Both, And: Which Program Works Best for Me?

With all of the different workout options that you hear about every day, it’s not hard to understand that most people have a hard time trying t figure out which program they should go with. I mean really, just turn the TV on and you have a thousand different infomercials pushing different products: Insanity (by the way, the definition of insanity is repeating the same thing over and over again expecting a different result….do

Yoga Catyou see the joke here?), P90X, Shake Weights, Taebo (I would certainly hate to take a roundhouse kick to the face from Billy Blanks!) , Treadclimbers, 5 minute abs, 4 minute abs (man that’s time saving!), MiniĀ Steppers….the list literally goes on and on. And that’s only stuff you see on TV. Let’s not mention all the options you have at your local gym: Spinning, Pilates, Yoga, Hot Yoga, Anti-gravity yoga (apparently the yoga masters have learned the ability to become weightless, who knew), Powerpump, Kick boxing….again, endless.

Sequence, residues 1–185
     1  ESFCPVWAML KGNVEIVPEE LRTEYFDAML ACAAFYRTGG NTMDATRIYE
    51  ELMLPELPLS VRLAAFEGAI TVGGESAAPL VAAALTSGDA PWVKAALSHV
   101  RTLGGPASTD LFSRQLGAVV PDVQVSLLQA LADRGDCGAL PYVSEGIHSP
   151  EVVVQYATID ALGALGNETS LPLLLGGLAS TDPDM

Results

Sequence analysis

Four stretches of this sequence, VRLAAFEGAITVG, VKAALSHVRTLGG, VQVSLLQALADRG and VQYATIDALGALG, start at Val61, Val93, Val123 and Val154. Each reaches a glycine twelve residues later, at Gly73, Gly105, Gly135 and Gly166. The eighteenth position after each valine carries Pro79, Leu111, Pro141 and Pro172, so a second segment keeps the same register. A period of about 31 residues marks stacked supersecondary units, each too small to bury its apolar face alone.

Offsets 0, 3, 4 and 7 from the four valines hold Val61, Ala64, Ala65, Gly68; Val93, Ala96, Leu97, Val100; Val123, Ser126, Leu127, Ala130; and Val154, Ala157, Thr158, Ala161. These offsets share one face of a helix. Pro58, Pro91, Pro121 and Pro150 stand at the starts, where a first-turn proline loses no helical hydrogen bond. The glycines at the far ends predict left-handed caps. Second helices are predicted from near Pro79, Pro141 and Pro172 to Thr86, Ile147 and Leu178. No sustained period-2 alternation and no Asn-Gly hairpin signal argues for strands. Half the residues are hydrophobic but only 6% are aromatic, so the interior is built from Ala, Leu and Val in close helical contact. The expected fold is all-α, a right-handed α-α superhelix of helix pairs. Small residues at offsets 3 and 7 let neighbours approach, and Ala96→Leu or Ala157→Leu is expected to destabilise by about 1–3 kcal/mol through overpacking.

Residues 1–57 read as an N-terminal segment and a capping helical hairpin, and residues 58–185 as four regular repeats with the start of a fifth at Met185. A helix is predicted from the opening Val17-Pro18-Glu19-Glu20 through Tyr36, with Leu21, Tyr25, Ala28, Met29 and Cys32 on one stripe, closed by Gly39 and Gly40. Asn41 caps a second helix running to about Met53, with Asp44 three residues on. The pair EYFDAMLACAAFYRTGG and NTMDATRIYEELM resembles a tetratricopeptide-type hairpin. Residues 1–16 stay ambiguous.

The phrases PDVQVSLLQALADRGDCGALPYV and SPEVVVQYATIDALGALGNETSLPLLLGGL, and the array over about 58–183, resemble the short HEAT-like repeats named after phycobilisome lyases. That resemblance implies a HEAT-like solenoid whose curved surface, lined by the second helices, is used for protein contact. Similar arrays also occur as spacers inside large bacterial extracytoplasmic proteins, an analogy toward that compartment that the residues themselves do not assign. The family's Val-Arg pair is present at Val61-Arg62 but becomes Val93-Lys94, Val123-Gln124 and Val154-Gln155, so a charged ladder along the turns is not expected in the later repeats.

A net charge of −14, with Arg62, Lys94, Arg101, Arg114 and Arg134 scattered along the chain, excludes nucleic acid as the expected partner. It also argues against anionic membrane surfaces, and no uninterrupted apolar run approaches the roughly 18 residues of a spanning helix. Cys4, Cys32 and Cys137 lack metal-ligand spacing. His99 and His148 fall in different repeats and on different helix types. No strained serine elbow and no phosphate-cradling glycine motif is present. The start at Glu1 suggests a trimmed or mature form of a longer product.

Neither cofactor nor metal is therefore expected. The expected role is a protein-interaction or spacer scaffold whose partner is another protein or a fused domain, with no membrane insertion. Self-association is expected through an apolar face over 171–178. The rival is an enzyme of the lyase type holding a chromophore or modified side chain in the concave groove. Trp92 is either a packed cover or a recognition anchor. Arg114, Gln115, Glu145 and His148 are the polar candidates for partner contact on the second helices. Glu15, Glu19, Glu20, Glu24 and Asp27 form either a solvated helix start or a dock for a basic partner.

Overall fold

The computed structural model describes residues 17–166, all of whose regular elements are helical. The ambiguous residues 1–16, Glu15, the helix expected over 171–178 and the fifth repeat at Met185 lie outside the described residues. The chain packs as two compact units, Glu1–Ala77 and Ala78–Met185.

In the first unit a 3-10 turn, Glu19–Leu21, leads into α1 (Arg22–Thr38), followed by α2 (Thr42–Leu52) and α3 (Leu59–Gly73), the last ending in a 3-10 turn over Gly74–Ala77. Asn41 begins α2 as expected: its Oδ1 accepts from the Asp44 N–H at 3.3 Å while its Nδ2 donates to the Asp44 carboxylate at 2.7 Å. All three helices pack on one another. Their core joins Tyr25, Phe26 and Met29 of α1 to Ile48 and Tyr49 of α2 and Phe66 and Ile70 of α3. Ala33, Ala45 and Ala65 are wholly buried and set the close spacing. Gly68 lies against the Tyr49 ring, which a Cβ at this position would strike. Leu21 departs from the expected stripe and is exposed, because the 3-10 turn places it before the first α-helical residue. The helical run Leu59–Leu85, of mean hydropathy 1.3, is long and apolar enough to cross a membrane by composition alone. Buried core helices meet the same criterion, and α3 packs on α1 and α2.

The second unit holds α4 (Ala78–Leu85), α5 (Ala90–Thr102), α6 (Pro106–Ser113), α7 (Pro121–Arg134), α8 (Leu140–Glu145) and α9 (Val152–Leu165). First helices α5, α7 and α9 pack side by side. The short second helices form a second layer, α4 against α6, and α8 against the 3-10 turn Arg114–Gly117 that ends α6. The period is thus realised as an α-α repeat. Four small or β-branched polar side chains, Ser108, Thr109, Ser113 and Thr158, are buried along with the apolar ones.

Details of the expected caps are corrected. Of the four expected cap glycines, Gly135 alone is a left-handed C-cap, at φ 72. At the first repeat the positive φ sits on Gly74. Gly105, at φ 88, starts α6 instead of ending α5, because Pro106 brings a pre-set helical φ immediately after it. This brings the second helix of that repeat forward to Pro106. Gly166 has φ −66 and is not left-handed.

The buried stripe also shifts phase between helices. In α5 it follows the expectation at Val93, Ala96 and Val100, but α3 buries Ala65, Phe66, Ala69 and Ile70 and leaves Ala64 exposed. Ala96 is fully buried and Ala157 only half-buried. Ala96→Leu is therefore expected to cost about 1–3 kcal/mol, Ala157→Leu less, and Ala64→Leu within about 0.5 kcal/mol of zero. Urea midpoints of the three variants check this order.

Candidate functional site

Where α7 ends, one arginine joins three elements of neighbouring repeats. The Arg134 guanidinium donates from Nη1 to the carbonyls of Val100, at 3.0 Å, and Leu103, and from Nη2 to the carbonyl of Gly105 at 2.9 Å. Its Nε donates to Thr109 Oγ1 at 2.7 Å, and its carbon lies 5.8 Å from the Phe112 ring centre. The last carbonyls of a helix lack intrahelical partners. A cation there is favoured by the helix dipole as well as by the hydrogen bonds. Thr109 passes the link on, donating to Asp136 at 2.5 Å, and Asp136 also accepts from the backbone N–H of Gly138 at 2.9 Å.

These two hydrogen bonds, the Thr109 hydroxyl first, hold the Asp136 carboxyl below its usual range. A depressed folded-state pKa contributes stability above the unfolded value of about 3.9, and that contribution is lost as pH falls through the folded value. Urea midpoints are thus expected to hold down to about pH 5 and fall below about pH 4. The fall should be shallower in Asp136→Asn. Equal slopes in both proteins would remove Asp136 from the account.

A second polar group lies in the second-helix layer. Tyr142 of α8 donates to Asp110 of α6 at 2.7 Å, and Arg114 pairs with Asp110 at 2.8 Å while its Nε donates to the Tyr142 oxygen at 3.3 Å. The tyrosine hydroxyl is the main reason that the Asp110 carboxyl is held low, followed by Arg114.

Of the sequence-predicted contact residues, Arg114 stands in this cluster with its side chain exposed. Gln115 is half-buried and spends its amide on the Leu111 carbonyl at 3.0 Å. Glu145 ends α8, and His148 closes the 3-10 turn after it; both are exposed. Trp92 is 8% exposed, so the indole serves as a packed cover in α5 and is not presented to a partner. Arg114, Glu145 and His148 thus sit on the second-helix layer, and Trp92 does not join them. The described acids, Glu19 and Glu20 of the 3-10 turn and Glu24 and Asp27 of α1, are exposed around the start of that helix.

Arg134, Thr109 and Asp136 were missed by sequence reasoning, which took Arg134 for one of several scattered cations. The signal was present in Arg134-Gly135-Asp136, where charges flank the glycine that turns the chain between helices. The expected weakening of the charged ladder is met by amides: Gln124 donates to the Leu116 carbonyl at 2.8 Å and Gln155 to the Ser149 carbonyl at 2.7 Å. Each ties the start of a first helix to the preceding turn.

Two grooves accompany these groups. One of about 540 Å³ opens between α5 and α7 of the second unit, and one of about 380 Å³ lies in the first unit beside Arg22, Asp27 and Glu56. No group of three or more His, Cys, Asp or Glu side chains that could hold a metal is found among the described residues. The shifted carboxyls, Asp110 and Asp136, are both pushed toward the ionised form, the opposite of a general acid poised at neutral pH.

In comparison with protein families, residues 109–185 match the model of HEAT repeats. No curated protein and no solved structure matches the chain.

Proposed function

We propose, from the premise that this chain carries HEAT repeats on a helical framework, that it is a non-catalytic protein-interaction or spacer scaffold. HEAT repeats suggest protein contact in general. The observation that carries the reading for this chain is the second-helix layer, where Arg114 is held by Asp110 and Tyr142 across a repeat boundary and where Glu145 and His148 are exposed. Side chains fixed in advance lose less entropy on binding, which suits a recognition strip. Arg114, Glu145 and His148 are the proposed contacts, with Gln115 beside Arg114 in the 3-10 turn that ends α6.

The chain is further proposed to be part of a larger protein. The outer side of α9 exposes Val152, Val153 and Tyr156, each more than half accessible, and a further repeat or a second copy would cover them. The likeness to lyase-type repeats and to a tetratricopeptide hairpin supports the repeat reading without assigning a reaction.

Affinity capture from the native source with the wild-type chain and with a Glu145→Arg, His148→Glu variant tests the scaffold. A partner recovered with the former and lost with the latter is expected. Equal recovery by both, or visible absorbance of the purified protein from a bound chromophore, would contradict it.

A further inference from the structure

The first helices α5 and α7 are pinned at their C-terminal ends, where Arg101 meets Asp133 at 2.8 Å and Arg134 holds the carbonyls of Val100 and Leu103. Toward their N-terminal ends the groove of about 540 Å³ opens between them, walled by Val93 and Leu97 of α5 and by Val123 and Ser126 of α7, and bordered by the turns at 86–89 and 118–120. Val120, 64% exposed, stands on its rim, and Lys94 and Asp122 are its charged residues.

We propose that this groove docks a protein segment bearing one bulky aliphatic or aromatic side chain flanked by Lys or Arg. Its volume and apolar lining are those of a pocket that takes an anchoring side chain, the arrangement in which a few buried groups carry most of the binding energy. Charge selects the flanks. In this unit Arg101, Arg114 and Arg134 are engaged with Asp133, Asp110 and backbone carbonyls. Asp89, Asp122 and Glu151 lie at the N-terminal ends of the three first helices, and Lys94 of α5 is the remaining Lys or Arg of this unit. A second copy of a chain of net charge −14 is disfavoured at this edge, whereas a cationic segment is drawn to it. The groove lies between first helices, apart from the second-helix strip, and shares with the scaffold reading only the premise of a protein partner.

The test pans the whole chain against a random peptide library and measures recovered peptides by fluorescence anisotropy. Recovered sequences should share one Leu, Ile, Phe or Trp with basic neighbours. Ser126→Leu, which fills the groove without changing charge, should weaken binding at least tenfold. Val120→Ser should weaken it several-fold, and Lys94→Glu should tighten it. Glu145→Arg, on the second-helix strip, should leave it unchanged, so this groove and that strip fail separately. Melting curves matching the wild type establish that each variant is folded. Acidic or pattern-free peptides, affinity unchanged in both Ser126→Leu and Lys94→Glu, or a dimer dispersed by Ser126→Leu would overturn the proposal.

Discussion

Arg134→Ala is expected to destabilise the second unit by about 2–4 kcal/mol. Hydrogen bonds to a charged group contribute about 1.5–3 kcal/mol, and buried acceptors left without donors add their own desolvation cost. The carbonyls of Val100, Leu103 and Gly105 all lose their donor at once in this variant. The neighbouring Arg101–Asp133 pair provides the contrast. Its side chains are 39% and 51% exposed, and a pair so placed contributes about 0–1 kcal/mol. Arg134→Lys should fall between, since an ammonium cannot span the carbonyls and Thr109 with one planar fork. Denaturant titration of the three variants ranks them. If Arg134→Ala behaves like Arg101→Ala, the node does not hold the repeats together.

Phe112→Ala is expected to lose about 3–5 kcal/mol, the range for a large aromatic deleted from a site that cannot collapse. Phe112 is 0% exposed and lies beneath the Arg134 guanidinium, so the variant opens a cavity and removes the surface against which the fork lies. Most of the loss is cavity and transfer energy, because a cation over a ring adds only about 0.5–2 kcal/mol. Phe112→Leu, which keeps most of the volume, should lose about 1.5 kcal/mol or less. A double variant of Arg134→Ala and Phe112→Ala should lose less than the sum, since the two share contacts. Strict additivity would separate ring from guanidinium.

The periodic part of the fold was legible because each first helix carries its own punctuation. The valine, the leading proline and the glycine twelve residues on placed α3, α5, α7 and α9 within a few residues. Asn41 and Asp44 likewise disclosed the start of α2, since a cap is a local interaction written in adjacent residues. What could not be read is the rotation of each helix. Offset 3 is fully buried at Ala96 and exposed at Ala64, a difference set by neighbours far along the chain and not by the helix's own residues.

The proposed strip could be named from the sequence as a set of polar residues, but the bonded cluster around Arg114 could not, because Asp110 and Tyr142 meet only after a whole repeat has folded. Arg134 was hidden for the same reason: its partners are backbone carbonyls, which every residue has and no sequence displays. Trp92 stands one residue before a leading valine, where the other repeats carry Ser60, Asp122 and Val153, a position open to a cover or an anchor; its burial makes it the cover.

So what’s the point here? It’s easy to get caught up in trying to figure out which way is best for you to go. When you have 10 different types of yoga classes to choose from, which one should you choose? The simplest answer I can give you is both, and. Relegating yourself to a single aspect of fitness leaves you one-dimensional. If all you do is yoga, then you’re flexible but you have no strength, power or aerobic capacity. If all you do is run for miles and miles, again no strength, power or flexibility. Understanding that all of these aspects of “being fit” are important is key.

 

Now, don’t confuse this statement. Yes, being flexible, powerful and strong are important, but I’m not telling a powerlifter to make sure he does yoga 4 times a week. Clearly everyone has different goals and in order to achieve those goals you have to focus primarily on one thing. Want to be strong? Lift heavy weights. Want to run marathons? Run long distances. Obviously these are simplifications, but the point is focus on your goal, but do not forget the other important factors. If you’re a yoga person, plug in some resistance training to help develop strength and power. It will not make you “muscle bound” and inflexible. Plugging in different tools will only improve your performance in whatever it is you love to do.

 

 

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